The Plitvice Lakes National Park is among the most beautiful natural sights in Europe and one of the most visited tourist attractions in Croatia. Every year, around 1.5 million people visit it. Plitvice Lakes were declared a national park in 1949 and thirty years later, in 1979, they were included in the UNESCO World Natural Heritage List. It is a wooded mountainous area where sixteen lakes with crystal clear blue-green water are connected by cascades and waterfalls.

Major successes of Croatian athletes

Apart from football, Croatia is successful in other sports as well. A silver medal was won by the basketball team at the 1992 Barcelona Olympics. Iva Majoli won the 1997 Roland Garros. Goran Ivanišević won at Wimbledon in 2001, when his carrier was near its end. At the Winter Olympic Games in Salt Lake City in 2002, Janica Kostelić won gold medals in slalom, giant slalom and combination, and a silver in the super giant slalom. The Croatian handball team won three gold medals, in Atlanta in 1996, in Athens in 2004, and at the 2003 World Championships.

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Tennis players Mario Ančić, Ivan Ljubičić, Goran Ivanišević and Ivo Karlović won the Davis Cup in 2005. Croatian water polo players became world champions at the World Championships in Melbourne in 2007. That same year, Blanka Vlašić became the world champion with a 205-centimetre high jump at the Osaka World Championship. There are also numerous Croatian Olympic medals in various sports.

Heritage on the UNESCO list

Given its size, Croatia has a large number of sites listed on the UNESCO World Heritage List. Among them are the historical complex of Split and Diocletian's Palace, the Old Town in Dubrovnik, the Plitvice Lakes National Park, the Euphrasian Basilica complex in the historic centre of Poreč, the historic town of Trogir, the St. Jacob's Cathedral in Šibenik, the Stari Grad Field on Hvar, stećci (medieval graveyard tombstones), defence systems of the Republic of Venice in the 16th and 17th centuries in Zadar and Šibenik, and natural beech forests.

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Achievements of Croatian scientists

Croatian scientists have participated in numerous major discoveries. For example, a Croatian team led by professor Ivan Đikić has made a discovery that could help in the early detection and treatment of liver tumours. The scientific discovery was published in the prominent scientific journal Nature Genetics.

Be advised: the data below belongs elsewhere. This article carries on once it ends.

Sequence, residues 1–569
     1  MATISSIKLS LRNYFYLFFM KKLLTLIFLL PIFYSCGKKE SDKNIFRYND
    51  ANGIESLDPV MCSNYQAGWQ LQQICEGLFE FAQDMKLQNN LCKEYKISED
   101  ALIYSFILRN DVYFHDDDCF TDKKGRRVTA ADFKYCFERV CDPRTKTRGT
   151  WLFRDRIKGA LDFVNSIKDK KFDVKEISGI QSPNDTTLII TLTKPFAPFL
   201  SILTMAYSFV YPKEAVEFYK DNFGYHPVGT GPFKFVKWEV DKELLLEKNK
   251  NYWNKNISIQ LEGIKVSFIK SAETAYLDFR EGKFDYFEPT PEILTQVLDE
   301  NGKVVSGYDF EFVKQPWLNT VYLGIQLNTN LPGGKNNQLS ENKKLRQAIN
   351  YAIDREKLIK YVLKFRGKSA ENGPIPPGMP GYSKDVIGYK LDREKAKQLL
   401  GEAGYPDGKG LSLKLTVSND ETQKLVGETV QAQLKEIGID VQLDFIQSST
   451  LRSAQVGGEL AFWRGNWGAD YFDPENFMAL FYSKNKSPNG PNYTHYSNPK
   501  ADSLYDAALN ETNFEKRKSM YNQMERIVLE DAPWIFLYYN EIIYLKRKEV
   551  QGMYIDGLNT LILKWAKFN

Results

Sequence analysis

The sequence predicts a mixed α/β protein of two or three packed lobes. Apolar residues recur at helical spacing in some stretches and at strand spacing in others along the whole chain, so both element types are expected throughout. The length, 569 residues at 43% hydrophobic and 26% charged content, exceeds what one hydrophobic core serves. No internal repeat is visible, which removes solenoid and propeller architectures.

Nenad Ban, a professor at the Swiss Federal Institute of Technology (ETH), and his team have decoded the three-dimensional structure of the ribosome, a cellular machine which produces vital proteins in the body and is one of the most complex molecules in biology.

Igor Štagljar is a professor at the Department of Biochemistry and Medical Genetics at the University of Toronto. About two years ago, Štagljar and his associates published a paper which could significantly help in the struggle against 500 cancer-linked diseases. The importance of this paper was so great that it was published on the cover of the renowned Molecular Cell magazine.

Charity drives

Croatian citizens have often demonstrated their solidarity and big hearts through various humanitarian drives. The first major charity initiative was Let Them Hear when 17 million kuna was raised to help hearing-impaired children.

Four years ago, solidarity was proven once more when Gunja and Rajevo Selo in the Posavina region were flooded. The whole country started collecting financial resources, food and everything else that was needed to help people in the flooded area. Apart from sending assistance, numerous citizens also worked as volunteers in the field.

Nikola Tesla – Genius who invented the modern world

We can also be proud of Nikola Tesla, undoubtedly the greatest inventor in history, whom we should thank for the world as we know it today. Tesla had more than 700 inventions, and some of the most important ones are a multi-phase electricity system and rotating magnetic field, an alternating electricity transmission and distribution system, the Tesla coil, high-frequency electricity lighting, a wireless radio-signal and energy transmission system, a remote control system for ships, Tesla’s turbine and radio.